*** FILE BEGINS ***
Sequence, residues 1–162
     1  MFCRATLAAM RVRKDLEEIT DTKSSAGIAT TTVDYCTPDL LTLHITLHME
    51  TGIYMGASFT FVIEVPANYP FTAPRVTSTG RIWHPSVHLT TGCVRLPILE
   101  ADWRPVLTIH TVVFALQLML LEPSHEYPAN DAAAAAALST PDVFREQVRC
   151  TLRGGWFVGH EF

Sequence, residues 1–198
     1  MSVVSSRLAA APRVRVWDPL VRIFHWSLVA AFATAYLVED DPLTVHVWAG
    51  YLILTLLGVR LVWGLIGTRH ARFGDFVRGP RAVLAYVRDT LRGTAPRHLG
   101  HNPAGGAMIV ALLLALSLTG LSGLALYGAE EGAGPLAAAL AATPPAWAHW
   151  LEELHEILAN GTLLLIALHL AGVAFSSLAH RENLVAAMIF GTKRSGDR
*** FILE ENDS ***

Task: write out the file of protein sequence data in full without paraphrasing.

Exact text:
Sequence, residues 1–162
     1  MFCRATLAAM RVRKDLEEIT DTKSSAGIAT TTVDYCTPDL LTLHITLHME
    51  TGIYMGASFT FVIEVPANYP FTAPRVTSTG RIWHPSVHLT TGCVRLPILE
   101  ADWRPVLTIH TVVFALQLML LEPSHEYPAN DAAAAAALST PDVFREQVRC
   151  TLRGGWFVGH EF

Sequence, residues 1–198
     1  MSVVSSRLAA APRVRVWDPL VRIFHWSLVA AFATAYLVED DPLTVHVWAG
    51  YLILTLLGVR LVWGLIGTRH ARFGDFVRGP RAVLAYVRDT LRGTAPRHLG
   101  HNPAGGAMIV ALLLALSLTG LSGLALYGAE EGAGPLAAAL AATPPAWAHW
   151  LEELHEILAN GTLLLIALHL AGVAFSSLAH RENLVAAMIF GTKRSGDR